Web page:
« Straight In the Eye: Vladimir Putin by Peter Turnley | Main | Random Excellence: Rick Tyrseck »

Tuesday, 07 March 2017


Feed You can follow this conversation by subscribing to the comment feed for this post.

Am I the only one to think "Edward Hopper" while looking at these pictures?

Thanks for this review. I ordered a copy this weekend (from the UK, as the Canadian sources seemed already to be sold out).

As a lifelong Vancouverite, the first Fred Herzog (and the Vancouver Art Gallery show) were, as Ken Tanaka suggests, revelations partly because it showed us our city as it quickly transitioned into something else. There is still a ongoing and fraught controversy in Vancouver about how quickly our architectural heritage is being replaced and how our streetscapes are irrevocably changing. Herzog's work shows us what we looked like and what our city looked like in a way that few others have done.

For us on the edge of the continent, there is also the revelation of powerful, timely art, accessible to us, that is about our place. The Vancouver I grew up in (in the 1970's) was never something we saw reflected in the most powerful art of the day because that art always seemed to come from somewhere else; at least the art that was in mainstream and continent-wide media was always from and about somewhere else. Even today, most of the movie and TV production that is created here is not set here. I know that we are not alone with this and that many parts of North America have this problem. I think that this fact, and the powerful example of Herzog's work, reminds us all to seek out and support the local artists of all types who are honestly and fearlessly, trying to show us what we look like.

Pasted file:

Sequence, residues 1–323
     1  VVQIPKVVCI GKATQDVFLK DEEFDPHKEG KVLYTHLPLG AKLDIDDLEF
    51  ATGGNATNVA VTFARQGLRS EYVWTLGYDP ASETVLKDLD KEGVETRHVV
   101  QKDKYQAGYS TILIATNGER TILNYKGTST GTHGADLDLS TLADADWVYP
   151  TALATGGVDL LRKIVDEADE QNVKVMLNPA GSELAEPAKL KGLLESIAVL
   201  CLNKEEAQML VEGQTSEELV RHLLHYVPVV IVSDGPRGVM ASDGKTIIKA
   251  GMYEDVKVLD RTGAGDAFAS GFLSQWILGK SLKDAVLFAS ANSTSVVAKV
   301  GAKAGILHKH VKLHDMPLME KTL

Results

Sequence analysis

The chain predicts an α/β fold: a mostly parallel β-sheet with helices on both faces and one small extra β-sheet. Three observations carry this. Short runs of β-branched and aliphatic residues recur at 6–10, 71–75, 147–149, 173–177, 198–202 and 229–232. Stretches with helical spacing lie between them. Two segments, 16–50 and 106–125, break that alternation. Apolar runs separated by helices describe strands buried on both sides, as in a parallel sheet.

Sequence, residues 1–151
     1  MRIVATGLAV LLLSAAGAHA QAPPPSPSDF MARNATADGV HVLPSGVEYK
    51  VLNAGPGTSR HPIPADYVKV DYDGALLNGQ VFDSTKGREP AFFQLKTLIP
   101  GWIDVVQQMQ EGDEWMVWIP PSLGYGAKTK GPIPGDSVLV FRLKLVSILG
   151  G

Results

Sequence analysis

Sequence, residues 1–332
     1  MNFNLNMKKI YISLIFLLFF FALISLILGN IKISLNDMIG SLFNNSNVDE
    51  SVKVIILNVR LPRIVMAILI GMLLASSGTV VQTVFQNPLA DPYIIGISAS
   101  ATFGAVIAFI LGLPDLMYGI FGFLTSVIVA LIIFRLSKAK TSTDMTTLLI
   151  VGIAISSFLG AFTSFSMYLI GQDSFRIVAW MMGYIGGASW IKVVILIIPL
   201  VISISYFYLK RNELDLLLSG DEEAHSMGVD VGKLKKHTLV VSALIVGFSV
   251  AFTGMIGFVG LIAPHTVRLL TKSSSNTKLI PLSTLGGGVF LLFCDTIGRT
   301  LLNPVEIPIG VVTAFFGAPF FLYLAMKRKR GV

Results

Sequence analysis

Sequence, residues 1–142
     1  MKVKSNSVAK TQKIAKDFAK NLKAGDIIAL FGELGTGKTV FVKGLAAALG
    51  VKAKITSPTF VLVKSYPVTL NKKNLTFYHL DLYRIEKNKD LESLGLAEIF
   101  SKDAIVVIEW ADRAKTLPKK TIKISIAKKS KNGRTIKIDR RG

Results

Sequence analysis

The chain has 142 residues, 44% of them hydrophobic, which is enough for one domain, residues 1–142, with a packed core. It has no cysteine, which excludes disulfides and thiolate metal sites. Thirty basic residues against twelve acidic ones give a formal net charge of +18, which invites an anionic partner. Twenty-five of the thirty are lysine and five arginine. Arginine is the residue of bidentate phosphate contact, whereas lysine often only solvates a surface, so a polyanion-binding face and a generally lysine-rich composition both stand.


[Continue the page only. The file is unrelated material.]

Just checked the link you provided to Amazon Germany. It is the hardcover edition ("Gebundene Ausgabe") they offer.

They made a documentary about Fred. You can find it in the link below.


Brad Robb

[Ed. Note: Video is available if you're in Canada only.]

I can't stop looking at this picture, found at ASX.

We were in Vancouver last month and visited the Equinox Gallery, which represents Herzog's work.

And we saw an exhibition of some of the works at a wonderful new gallery, Audain Art Museum, in Whistler, B.C.

The show in Whistler is on until May 22: http://artswhistler.com/event/fred-herzog-shadowlands

It features 20 works that had not been shown before. It was just terrific, highly recommended if you're out that way.

I see Hopper in the work too.

Thanks for the heads up. This is so much my genre and the price is very reasonable. Ordered (via TOP of course). Look forward to a good browse.

What I love in Fred Herzog's photography is the fact that it proves street photography doesn't have to be in black and white. You look at his pictures and they have everything that defines street photography: the small everyday stories, the signs of urban life, the aesthetics, the composition - plus they have the colours. And it works.
Street photography has become too much of a cliché. It's all about aesthetics, with exaggerated contrasts and the ubiquitous black and white, and it all happens in urban scenarios in which the presence of a person is a mere justification for applying the 'street photography' label. Yes, there still are wonderful black and white street photographs, but life is in colour. It was William Albert Allard who said " I see in color." I have reasons to assume he wasn't just stating he wasn't colourblind.